Metra trains getting defibrillators
Automated external defibrillators like this one have become cheaper and easier to use. Now Metra will install defibrillators on every train.
File photo by Mark Welsh | Staff Photographer
The Metra commuter rail service is installing hundreds of portable, easy-to-use defibrillators on all of its trains, becoming only the second major transit system in the country to make the lifesaving machines available on trains, Metra officials said Thursday.
Defibrillators, devices that restore a normal heart rhythm with an electric shock, are required on airliners and in public places such as sports stadiums and large office buildings. But cost, lack of training and liability fears have prevented a greater proliferation of machines that advocates say are crucial to improving a dismal survival rate for people who suffer cardiac arrest.
"We're adding something to our trains that hopefully none of us will have to use, but it's like insurance: when we need it we want it," Metra Chairman Brad O'Halloran said in announcing the initiative at a downtown Chicago Metra station.
About 300 of the machines, known as automatic external defibrillators, or AEDs, are being installed inside Metra passenger cars on all trains throughout its 495-mile system spreading out from downtown to outlying suburbs. About 140 more will be available in Metra's workplaces and in its police vehicles when work is finished in January. Metra staff will be trained to use them, but they will also be available for passengers to use in an emergency.
After the Massachusetts Bay Commuter Rail Co., Metra is only the second transit agency to take the step, said Metra's marketing director, Jim Bonistalli.
The machines, made by Cardiac Science, prompt a responder with step-by-step recorded instructions and deliver a defibrillating shock automatically after analyzing the person's heart rhythm ó all without the need to push a button. But defibrillators need to be used within minutes, often before an emergency crew arrives, making their distribution important.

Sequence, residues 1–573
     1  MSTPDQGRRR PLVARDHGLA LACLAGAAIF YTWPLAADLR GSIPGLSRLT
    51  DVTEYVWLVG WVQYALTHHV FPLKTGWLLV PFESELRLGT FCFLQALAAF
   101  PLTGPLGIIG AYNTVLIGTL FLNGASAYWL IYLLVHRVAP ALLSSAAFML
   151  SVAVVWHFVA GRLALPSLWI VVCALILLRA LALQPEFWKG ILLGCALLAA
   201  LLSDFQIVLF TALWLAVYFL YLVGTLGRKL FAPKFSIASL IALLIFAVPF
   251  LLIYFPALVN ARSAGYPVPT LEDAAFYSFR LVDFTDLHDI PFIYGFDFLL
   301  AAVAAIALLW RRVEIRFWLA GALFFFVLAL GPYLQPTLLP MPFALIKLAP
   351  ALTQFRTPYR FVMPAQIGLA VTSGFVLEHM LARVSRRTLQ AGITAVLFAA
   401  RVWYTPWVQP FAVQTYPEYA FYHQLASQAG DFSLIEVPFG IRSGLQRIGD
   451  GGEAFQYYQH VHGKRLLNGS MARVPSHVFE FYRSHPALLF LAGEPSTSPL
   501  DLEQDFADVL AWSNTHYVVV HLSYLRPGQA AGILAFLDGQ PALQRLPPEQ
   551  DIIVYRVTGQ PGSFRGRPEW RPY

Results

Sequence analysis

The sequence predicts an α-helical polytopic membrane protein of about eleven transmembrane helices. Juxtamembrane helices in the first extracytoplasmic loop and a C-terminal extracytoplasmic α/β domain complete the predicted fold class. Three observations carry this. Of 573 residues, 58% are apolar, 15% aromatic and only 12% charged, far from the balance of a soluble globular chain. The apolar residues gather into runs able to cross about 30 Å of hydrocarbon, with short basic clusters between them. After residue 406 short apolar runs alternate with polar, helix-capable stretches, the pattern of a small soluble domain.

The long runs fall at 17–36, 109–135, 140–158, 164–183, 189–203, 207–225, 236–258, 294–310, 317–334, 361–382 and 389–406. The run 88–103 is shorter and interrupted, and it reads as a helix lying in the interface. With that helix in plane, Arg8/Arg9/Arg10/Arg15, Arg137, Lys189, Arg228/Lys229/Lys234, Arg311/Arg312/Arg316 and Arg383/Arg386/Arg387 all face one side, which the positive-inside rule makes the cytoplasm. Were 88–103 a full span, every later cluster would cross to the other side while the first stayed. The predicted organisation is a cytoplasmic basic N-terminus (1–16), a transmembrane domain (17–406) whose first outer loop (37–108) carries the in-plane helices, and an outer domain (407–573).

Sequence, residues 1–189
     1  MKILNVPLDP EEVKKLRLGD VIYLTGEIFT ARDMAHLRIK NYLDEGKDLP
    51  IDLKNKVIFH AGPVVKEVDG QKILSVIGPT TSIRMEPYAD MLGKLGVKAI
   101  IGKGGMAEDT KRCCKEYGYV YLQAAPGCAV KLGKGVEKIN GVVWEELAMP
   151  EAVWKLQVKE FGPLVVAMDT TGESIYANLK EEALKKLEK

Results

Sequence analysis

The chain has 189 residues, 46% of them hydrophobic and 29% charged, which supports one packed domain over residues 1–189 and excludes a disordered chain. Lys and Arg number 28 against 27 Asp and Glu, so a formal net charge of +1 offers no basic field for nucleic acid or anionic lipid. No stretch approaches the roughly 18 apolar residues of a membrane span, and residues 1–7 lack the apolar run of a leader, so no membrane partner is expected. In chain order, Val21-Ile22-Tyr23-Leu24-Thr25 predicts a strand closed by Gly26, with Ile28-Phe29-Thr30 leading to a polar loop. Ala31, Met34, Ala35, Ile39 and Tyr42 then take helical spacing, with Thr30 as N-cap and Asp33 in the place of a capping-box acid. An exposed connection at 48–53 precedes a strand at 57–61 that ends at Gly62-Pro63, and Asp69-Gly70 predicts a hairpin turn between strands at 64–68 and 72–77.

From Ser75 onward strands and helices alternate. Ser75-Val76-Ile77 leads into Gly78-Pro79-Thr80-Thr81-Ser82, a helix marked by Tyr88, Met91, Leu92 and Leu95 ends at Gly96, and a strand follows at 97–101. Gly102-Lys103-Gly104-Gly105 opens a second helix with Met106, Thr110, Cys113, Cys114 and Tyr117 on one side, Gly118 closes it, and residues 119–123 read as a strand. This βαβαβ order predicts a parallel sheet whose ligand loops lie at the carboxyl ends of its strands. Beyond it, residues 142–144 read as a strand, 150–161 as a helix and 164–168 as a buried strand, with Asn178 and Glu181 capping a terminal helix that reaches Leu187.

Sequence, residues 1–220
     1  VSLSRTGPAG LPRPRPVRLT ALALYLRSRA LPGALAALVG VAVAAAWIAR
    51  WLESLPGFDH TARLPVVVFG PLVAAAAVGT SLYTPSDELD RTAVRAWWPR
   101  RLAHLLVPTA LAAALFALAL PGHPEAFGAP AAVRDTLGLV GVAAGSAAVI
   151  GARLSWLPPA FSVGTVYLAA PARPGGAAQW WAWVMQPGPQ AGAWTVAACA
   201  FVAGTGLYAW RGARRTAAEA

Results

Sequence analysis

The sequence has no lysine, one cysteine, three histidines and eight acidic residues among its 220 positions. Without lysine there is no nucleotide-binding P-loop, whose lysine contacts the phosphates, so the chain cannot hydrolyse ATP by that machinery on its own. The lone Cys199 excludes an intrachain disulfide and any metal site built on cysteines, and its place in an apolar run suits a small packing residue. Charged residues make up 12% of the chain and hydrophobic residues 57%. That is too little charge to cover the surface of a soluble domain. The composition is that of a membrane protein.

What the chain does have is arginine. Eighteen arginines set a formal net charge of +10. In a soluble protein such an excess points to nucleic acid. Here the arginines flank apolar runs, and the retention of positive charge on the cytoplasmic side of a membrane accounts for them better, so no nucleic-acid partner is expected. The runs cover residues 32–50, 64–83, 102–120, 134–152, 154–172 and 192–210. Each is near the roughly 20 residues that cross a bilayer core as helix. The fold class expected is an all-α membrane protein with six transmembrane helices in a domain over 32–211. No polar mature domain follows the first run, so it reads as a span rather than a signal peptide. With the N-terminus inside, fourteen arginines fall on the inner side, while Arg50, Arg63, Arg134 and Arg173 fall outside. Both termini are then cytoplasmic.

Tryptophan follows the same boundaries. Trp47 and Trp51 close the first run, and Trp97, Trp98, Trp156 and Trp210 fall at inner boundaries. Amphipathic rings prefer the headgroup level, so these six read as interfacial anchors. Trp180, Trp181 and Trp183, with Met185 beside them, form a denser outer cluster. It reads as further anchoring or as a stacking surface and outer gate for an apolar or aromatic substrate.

Over the past decade, defibrillators have become cheaper and easier to use, a trend that is crucial to making them more widely available in places where a bystander with no training can be expected to effectively operate the equipment.
Tracy Trimble, manager at a fitness center in Naperville, has helped save the lives of two of her gym's members by using a defibrillator and attended the Metra announcement to emphasize their importance.
"While it was scary and emotional while you're in the moment, it's an amazing experience and I was so honored to have been part of their moment of survival that day," she said. "It wouldn't have been possible without the AEDs. ... They're very easy to use."
In the United States, an average of 1,000 people a day suffer a sudden cardiac arrest, said Dr. Amer Aldeen, assistant professor of emergency medicine at Northwestern University's Feinberg School of Medicine. Only about 8 percent survive, largely because of the limited availability of defibrillators, he said.
By comparison, Chicago's O'Hare International Airport, which is equipped with defibrillators, has a 65 percent survival rate, Aldeen said.
In 2009, Massachusetts Bay Transportation Authority commuter trains became the first in the nation to carry automated external defibrillators, after years of campaigning by a woman whose husband suffered a cardiac arrest in 2002 on one of its trains.
That rail network now has 120 defibrillators, and three lives have been saved since their installation, said Rhiannon D'Angelo, a spokeswoman for the Massachusetts Bay Commuter Rail, which runs the system.
The defibrillators are coming down in price and now average about $1,000. In another step to encourage their use, Good Samaritan laws shield civilian responders from lawsuits.
Metra, which has serious capital funding problems, is paying for its machines with the help of a $536,000 grant from the Regional Transportation Authority. Northwestern Medicine is helping cover the cost of training and maintenance.
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